1. Phototrophis: use radiant energy (light) as their primary energy source (photochemical
reaction).
2. Chemotrophis: use the oxidation and reduction of chemical compounds as their primary
energy source (chemical reaction).
b. Carbon source

4

Carbon is the structural backbone of the organic compounds that make up a living
cell. Based on their source of carbon bacteria can be classified as autotrophs or
heterotrophs.
1. Autotrophis: require only carbon dioxide as a carbon source.
2. Heterotrophis: require organic forms of carbon.
Phosphorus: Phosphorus is needed to synthesize phospholipids, DNA, RNA, and ATP.
Phosphate ions are the primary source of phosphorus.
Potassium, magnesium, and calcium: These are required for certain enzymes to
function as well as additional functions.
Iron:Iron is a part of certain enzymes.
Trace elements: Trace elements are elements required in very minute amounts, and
like potassium, magnesium, calcium, and iron, they usually function as cofactors in
enzyme reactions. They include sodium, zinc, copper, molybdenum, manganese, and
cobalt ions.
Water
Growth factors
Growth factors are organic compounds such as amino acids, purines, pyrimidines,
and vitamins that a cell must have for growth but cannot synthesize itself.
Size of bacteria: Most bacteria are so small that their size is measured in units called
micron. The unit of measurement is the micro-meter, written m
Bacterial Nomenclature (Name of bacteria): Bacteria classify under the national taxonomy
like an other microorganisms by :


KingdomPhylum ClassOrderFamilies GenusSpecies
a. Types OR

b. Strain OR

c. Varieties.

And the name of bacteria writes according to:


Genous name species name …..

e.g. Salmonella typhi

Salmonella typhi

Salmonella paratyphi A

Salmonella paratyphi A

Salmonella paratyphi B

Salmonella paratyphi B

Structure of bacteria: - representation of a bacterial cell showing some of the essential
constituents
1. The cytoplasmic membrane consists of a layer of lipoprotein and is 5-10 nm thick. It
encloses the Cytoplasm
2. The cell wall is complicated lattice structure of lipoprotein, lipopolysaccharide and
peptidoglycan, which gives the bacterial cell its shape and also protects the cytoplasmic
membrane
5

3. Capsule: The cell wall of certain bacteria is covered with a capsule, which is usually a
loosely attached slime layer consisting of polymerized sugars and amino sugars that are
secreted by the organism. In many cases, possession of a capsule correlates with virulence.
4. Cytoplasm, which contains soluble metabolites and precursors of macromolecules
together


a) with organelles such as ribosomes. Lying within the cytoplasm is the bacterial
chromosome-usually a single



b) closed ring of double-stranded DNA . At binary fission a duplicate copy of the
chromosome passes to the new cell



c) circles of DNA, called plasmids, which often carry genes that confer antibiotic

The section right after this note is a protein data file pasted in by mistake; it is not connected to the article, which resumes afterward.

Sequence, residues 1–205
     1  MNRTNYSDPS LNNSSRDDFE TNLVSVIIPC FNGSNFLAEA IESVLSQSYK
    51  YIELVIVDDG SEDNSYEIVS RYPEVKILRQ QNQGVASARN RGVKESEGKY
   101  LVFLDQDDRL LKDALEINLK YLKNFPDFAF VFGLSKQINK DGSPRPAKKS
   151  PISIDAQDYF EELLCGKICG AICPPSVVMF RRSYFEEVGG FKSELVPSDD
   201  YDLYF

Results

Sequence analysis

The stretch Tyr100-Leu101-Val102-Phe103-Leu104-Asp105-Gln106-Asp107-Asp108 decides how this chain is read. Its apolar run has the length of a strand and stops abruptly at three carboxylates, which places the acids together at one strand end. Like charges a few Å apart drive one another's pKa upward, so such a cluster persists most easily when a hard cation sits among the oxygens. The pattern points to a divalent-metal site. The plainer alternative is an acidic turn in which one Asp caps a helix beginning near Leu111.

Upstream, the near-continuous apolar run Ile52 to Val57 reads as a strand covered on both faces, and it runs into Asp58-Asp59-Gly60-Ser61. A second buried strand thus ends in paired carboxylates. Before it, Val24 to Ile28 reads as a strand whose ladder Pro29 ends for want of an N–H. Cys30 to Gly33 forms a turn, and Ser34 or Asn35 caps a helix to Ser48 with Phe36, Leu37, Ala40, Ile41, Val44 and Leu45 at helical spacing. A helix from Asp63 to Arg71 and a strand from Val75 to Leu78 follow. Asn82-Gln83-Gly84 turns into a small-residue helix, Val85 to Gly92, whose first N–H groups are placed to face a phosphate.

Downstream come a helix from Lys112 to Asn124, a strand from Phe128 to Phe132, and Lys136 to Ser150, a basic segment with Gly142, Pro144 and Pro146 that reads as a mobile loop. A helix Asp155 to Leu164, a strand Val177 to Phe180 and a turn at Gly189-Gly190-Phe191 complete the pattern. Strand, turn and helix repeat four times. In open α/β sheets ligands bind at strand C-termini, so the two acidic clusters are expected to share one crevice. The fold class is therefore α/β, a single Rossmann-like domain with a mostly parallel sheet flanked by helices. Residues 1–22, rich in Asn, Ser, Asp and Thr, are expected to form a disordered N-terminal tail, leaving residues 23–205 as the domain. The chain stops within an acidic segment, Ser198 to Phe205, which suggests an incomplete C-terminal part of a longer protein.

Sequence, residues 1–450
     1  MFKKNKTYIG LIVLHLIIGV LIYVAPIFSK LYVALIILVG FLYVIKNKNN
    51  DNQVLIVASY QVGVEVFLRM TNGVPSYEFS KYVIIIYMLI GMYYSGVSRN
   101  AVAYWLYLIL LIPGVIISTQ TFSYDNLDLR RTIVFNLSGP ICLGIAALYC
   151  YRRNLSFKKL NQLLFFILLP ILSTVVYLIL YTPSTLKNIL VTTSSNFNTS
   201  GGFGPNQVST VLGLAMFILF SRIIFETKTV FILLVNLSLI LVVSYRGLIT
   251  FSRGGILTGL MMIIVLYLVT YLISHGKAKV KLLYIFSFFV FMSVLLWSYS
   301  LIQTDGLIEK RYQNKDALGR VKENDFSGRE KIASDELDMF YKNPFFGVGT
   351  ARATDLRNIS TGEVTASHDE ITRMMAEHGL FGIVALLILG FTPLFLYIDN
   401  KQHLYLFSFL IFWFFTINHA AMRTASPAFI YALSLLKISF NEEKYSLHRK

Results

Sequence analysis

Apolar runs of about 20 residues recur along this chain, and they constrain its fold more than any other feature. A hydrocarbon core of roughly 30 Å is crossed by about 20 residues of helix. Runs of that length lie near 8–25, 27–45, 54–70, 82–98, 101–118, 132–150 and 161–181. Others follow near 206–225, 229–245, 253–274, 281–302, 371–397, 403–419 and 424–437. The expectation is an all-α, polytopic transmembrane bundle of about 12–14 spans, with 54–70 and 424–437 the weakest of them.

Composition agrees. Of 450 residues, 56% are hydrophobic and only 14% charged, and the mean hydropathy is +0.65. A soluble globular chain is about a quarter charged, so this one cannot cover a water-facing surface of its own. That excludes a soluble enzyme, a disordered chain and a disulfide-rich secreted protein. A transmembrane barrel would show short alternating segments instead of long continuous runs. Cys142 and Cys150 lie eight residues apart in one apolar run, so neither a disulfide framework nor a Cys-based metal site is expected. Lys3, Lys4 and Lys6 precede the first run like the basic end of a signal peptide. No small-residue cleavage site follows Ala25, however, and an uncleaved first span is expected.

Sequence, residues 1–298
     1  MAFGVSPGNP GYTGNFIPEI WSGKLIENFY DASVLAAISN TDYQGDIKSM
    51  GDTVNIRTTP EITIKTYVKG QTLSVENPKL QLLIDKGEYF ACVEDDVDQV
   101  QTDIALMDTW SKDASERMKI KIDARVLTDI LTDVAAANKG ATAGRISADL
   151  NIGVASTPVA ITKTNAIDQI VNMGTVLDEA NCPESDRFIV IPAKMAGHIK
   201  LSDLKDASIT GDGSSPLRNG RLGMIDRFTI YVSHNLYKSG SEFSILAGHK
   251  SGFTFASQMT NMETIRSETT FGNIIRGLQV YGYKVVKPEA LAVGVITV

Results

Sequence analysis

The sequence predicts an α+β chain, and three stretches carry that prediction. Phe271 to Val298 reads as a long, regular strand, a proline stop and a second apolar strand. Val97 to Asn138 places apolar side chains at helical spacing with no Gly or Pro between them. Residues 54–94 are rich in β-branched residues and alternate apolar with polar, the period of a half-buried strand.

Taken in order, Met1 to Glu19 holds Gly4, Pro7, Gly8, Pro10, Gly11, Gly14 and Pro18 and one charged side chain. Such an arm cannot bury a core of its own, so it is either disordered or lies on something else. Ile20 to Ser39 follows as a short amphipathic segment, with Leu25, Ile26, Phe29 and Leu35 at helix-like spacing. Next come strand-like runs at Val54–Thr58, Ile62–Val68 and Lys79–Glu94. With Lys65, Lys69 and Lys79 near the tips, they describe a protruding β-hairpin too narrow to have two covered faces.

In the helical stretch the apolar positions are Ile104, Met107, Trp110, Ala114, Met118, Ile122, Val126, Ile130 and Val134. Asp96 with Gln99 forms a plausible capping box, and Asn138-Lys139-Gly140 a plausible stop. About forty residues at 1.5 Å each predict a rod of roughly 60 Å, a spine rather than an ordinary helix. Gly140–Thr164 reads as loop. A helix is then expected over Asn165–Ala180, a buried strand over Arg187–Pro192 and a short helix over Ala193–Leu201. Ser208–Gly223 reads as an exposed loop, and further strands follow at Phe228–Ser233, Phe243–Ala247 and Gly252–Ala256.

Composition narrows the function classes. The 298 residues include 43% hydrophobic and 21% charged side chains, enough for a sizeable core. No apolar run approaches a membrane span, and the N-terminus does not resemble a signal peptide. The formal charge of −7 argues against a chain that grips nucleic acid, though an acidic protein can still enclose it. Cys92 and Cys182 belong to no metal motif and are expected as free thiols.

resistance on the cells carrying them. Of greater current interest is the fact that
these plasmids may be transferred between cells of different type (e.g. nonpathogen
to pathogen).

5. Smaller pili (common pili of funbriae) are often found on bacterial cells. These may be
important in the attachment of pathogens to host tissue cells
6. Motile organisms possess flagella, which are thread-like appendages composed of protein
called flagellin, and are about 20 nm thick. Their rotation enables bacteria to travel at speeds
of up to 50 um per s. some organisms possess one flagellum, others more than one. The
arrangement of the flagella mono,lopho,amphi,peri-trichous and atrichous(no flagella)
Morphology of bacteria
Bacterial shape:
Bacteria can be classified into the following types according to their shape of the cells:
 cocci
 bacilli
Curved or comma
6

Spiral and coil



After binary fission the daughter cell remains attached to the parent cell and
fission occurs again before separates so the bacterial can be classified due to their
shape and aggregation and arrangement to:

1. Cocci (coccus) (0.5-1 m diameter):
a. Single like Micrococcus.
b. Pairs like Diplococcus.

7

c. Chains like Streptococcus
d. Groups of four (tetra) like Peptococcustetracocci.
e. Groups of eight (cubical paekat) like Sarcina.
f. Clustars (random clumps) like Staphylococcus.

2.Kidney shape like Neisseria.
3. Cocco-bacilli like brucilla.
4. Rod or cylinder (1-10 m length 0.2-1 m width):
i. Bacilli(bacillus):
a. Single  Salmonella
b. Pairs  Diplobacilli.
c. Chains  Streptobacillus.
ii. Chinese latter  Corynebacterium.
iii. Group of cigarettes Mycobacterium
iiii. With curved end (pole) E. coli.
iiiii. Cuneiform bundle  Mycobacterium With or with out spores
5. Comma shape (curved)( 4m length -0.5m width)
 single
 pairs

Vibrio

 small chains

8